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Beer Science: Beta Acids

If you have not read the article on Beer Science: Alpha Acids, you can do so by clicking the link.  In summary, alpha acids are present in lupulin glands present in the cones (strobiles) of mature female hop plants.  But there are other acids and oils that can affect both the flavor and bitterness of beer.  One of the main categories of these other compounds is called beta acids.  This entry seeks to tackle the relative importance of beta acids, especially when compared to alpha acids.

Alpha vs. Beta Acids: What’s Different?
Brewers believe that alpha acids are of primary importance to consider when brewing a beer.  Beta acids are only important when considered in context with alpha acids.  Below is a list of some known alpha and beta acids:

Alpha acids:
(1) Humulone
(2) Cohumulone
(3) Adhumulone
(4) Posthumulone
(5) Prehumulone


Beta acids:
(1) Lupulone
(2) Colupulone
(3) Adlupulone



So why do brewers seemingly care more about alpha acids than beta acids when building a beer? Notice that the structures of these compounds are very similar.  But in chemistry even a small difference can result in a significant impact in the characteristics of a compound.

As compared to humulone, the addition of some carbons on the lower part of the lupulone molecule result in beta acids being insoluble.  Alpha acids are soluble in the brewing process and are converted to iso-alpha acids.  Iso-alpha acids content is measured and reported as International Bitterness Units (IBUs).  Beta acids on the other hand are relatively insoluble during brewing and therefore do not contribute much to the perceived bitterness of beer.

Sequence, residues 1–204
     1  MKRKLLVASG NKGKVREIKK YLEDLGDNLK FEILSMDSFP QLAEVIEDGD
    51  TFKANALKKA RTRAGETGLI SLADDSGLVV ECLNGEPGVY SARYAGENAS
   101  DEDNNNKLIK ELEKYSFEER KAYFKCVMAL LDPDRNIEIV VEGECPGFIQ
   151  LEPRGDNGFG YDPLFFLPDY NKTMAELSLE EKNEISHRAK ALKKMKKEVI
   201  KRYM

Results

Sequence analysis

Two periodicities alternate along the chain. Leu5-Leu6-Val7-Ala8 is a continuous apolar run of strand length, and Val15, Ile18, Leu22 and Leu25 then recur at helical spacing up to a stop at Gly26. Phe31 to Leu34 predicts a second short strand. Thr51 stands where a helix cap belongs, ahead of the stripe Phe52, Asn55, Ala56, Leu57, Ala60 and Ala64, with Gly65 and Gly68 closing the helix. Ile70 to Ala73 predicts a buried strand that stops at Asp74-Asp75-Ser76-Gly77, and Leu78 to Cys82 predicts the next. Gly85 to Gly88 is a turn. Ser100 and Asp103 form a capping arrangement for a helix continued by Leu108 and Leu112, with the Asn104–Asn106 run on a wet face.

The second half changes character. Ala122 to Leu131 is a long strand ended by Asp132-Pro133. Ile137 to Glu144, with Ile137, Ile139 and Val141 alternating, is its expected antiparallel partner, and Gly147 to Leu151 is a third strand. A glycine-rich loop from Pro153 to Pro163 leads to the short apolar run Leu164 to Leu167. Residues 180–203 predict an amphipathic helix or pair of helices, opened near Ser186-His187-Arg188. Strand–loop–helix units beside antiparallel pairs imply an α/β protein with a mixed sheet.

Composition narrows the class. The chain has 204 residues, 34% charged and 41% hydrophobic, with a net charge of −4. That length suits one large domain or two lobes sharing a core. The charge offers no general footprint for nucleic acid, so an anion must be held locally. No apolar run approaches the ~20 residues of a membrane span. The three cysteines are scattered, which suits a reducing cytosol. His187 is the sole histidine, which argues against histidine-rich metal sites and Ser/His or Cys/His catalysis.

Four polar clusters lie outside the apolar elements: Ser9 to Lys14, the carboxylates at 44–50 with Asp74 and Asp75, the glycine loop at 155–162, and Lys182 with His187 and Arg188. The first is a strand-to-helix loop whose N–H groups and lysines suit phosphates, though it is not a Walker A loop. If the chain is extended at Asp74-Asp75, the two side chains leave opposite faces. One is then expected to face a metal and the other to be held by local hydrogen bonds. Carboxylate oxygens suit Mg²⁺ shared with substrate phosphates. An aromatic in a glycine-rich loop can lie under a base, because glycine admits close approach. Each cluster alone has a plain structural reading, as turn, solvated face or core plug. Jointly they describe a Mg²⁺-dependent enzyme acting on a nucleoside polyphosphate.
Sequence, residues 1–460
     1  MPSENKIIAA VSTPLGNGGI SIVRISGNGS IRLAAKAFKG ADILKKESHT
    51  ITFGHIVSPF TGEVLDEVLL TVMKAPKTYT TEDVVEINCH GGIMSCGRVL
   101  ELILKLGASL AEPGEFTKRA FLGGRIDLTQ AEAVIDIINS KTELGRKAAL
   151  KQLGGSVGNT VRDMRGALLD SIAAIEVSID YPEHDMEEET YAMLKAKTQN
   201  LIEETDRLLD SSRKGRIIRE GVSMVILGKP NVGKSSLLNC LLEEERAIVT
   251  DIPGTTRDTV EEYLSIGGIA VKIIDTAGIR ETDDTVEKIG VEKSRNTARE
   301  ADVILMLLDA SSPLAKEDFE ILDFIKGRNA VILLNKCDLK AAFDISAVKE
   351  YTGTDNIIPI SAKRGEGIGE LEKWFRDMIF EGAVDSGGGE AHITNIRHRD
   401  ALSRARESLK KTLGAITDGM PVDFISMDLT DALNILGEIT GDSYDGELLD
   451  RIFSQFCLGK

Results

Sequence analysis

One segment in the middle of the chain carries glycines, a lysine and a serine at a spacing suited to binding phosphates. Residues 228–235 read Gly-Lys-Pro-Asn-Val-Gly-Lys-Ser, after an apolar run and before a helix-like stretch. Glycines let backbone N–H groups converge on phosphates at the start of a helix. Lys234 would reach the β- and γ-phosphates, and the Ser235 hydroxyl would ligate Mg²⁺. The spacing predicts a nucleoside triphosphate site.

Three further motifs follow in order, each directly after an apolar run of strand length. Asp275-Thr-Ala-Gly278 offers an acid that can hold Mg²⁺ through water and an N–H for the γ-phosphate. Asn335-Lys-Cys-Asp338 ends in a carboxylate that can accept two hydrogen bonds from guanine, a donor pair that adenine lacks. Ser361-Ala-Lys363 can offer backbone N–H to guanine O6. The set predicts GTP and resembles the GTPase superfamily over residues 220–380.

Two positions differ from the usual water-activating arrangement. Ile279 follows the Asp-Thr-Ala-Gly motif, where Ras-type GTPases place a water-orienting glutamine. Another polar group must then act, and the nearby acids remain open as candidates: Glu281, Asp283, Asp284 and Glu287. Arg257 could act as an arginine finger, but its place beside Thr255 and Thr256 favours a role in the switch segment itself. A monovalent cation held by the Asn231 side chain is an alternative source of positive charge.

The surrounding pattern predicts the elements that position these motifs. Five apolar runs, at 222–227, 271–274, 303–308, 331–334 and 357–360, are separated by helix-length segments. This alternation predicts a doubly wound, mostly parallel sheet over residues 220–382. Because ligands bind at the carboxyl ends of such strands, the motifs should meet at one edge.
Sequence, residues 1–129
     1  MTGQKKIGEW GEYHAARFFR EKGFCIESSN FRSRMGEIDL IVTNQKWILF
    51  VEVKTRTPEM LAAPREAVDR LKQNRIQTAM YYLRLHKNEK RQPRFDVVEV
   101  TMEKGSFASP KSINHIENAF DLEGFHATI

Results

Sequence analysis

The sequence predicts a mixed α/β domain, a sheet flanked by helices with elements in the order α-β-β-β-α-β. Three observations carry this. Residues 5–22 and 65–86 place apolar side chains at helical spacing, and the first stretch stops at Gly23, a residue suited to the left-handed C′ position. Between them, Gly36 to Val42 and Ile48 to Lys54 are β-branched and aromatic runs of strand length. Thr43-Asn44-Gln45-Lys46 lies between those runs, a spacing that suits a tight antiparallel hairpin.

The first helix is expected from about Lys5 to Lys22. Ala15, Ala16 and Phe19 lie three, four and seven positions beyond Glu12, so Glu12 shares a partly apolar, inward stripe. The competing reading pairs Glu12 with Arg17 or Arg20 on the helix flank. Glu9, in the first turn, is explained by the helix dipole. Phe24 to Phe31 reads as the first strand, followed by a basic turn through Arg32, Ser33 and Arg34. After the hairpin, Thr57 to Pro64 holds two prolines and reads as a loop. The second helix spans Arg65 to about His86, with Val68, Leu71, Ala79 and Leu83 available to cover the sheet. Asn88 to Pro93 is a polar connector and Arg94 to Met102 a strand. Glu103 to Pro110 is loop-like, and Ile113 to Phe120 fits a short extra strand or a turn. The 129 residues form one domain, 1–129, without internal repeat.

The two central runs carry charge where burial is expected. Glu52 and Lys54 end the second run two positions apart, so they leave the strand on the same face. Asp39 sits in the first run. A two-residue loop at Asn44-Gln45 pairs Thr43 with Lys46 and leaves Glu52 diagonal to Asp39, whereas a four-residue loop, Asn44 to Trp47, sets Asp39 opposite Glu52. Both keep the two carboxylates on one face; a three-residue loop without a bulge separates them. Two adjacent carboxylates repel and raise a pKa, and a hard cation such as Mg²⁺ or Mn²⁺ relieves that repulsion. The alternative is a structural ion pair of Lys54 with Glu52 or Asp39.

So Why Care About Beta Acids?
Beta acids comprise a significant percentage of lupulin and hop oils.  In fact, most hops contain just as many beta acids as alpha acids.  The beta acids do not seem important during the brewing process.  However, beta acids isomerize when stored over time.  And when they isomerize, beta acids do contribute to perceived bitterness.  In fact, isomerized beta acids are perceived as being much more bitter than alpha acids (and not in a good way).  Therefore, the ratio of alpha acids to beta acids does seem to matter.  A list of some hop strains and their alpha/beta acids ratio is shown below.

Hop: Alpha/Beta Acids Ratio:
Czech Saaz: 1
Tettnang: 1.3
Hallertauer: 2
Northern Brewer: 2
Chinook: 3.8
Warrior: 3.2
Cascade: 1
Amarillo: 1.5
Simcoe: 2.9

A number higher than 1 indicates that this hop has an equal amount of alpha and beta acids.  A number of 2 indicates twice as much alpha acids as beta acids, etc.  As the beer ages, the alpha acids seem to lose their bittering power, but beta acids bitterness becomes more pronounced over time.  Beta acids seem to produce a harsher and perhaps
undesirable hop flavor as they isomerize.

The bottom of this graph shows the relative composition of alpha to beta acids in selected hop strains.  Note that some hops have a much higher degree of alpha acids compared to beta acids.

In summary, The impact of beta acids is perhaps less understood than of the alpha acids.  The importance of beta acids does seem to play a role in the aging of the beer.  But let’s be honest- in general, aging is not a desirable trait in beer.  Alpha acids also decompose and oxidize over time.  So beer actually loses bitterness upon aging.  The bitterness of beta acids is harsher than that of alpha acids, and beta acids may in part help beer retain a qualitatively different level of bitterness upon aging.

The Hop Yard: Alpha and Beta Acids
Alpha Analytics Hop Profile Chart

  • Humulone
  • Cohumulone
  • Adhumulone
  • Posthumulone
  • Prehumulone

– See more at:

  • Humulone
  • Cohumulone
  • Adhumulone
  • Posthumulone
  • Prehumulone

– See more at:

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